California spends billions rebuilding burned towns. The case for calling it quits is compelling.
San Francisco, California: In the fall of 2010, when the earthquake and fire tore through the town of Paradise, no one wanted to see one more of their homes destroyed. The community’s residents, many of them long time residents of the Bay Area, were determined that they would rebuild, though not with the same standards of construction. The community rallied to rebuild with what they had, leaving behind a devastated, and often still dangerous community.
The people who lived in Paradise wanted to rebuild, and they did. They found a local company with expertise in this type of construction. They met with the owners for over a year to discuss their choices and the budget needed to build what they wanted. The people in Paradise were offered a choice: they could build with what they had or they could rebuild with what they wanted.
The people of Paradise, who had long since given their houses over to nature, made the decision they most wanted: to rebuild. They rebuilt. They rebuilt with dignity. They built with love. They rebuilt with hope and faith. They rebuilt, and a year later, Paradise was back up and running.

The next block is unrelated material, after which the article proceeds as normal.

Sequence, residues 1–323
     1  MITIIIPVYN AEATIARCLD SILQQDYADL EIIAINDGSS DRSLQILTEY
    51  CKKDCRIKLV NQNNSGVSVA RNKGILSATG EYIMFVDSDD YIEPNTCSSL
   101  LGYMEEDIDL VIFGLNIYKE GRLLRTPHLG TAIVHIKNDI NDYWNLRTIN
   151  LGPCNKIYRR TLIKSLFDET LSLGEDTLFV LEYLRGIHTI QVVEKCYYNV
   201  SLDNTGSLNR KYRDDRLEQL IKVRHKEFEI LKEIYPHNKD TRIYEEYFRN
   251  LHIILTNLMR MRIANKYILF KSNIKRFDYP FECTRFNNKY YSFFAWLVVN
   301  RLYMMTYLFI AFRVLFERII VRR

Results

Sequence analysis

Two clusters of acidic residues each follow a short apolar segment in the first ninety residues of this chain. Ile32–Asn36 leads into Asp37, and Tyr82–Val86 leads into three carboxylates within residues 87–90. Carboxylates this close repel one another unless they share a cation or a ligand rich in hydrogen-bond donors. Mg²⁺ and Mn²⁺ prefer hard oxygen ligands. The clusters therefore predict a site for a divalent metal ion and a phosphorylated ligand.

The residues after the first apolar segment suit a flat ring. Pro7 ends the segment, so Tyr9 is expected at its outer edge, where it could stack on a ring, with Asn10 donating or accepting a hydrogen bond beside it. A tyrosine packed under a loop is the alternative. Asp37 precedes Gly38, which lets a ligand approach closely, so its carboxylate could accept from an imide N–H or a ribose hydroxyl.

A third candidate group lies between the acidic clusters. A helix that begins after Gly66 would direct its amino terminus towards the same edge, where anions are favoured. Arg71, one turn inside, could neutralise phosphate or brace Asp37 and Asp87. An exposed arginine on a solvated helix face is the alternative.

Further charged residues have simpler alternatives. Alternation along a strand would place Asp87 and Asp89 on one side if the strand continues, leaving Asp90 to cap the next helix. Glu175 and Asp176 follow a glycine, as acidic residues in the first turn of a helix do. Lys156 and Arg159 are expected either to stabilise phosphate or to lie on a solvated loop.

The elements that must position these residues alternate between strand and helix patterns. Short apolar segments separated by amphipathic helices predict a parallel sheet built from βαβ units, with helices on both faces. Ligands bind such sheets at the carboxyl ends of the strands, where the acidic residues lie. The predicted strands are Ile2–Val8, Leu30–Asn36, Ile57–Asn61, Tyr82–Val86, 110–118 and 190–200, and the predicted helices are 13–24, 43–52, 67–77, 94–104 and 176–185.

The people of Paradise were able to rebuild, but were they able to rebuild with dignity? The people who lived in Paradise could not. And that is the point: In times of hardship, people will rebuild with dignity. They will rebuild with hope and with faith.
Why did the people in Paradise rebuild? They did so because of the people of Paradise. They did it because of the faith and character of the people who lived in Paradise, because the people who lived in Paradise had faith in themselves. They had hope, and they had dignity. They did not rebuild their homes because their homes were beautiful. They rebuilt because, having lost faith in what they had, they wanted so much more. They knew their communities and their communities knew them.
This story is a perfect microcosm of what it means to be American: Our country has a great respect for the poor. These poor are people, not houses. They are not houses. They are not cars. They are not banks. They do not have possessions or possessions. They are people with hearts. The wealthy people who own them, though, understand the meaning